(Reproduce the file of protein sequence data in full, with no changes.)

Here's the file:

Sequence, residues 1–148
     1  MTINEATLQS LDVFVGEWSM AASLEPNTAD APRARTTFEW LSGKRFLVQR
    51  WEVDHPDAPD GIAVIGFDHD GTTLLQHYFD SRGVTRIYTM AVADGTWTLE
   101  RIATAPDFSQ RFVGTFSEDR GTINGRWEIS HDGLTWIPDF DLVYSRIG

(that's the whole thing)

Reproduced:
Sequence, residues 1–148
     1  MTINEATLQS LDVFVGEWSM AASLEPNTAD APRARTTFEW LSGKRFLVQR
    51  WEVDHPDAPD GIAVIGFDHD GTTLLQHYFD SRGVTRIYTM AVADGTWTLE
   101  RIATAPDFSQ RFVGTFSEDR GTINGRWEIS HDGLTWIPDF DLVYSRIG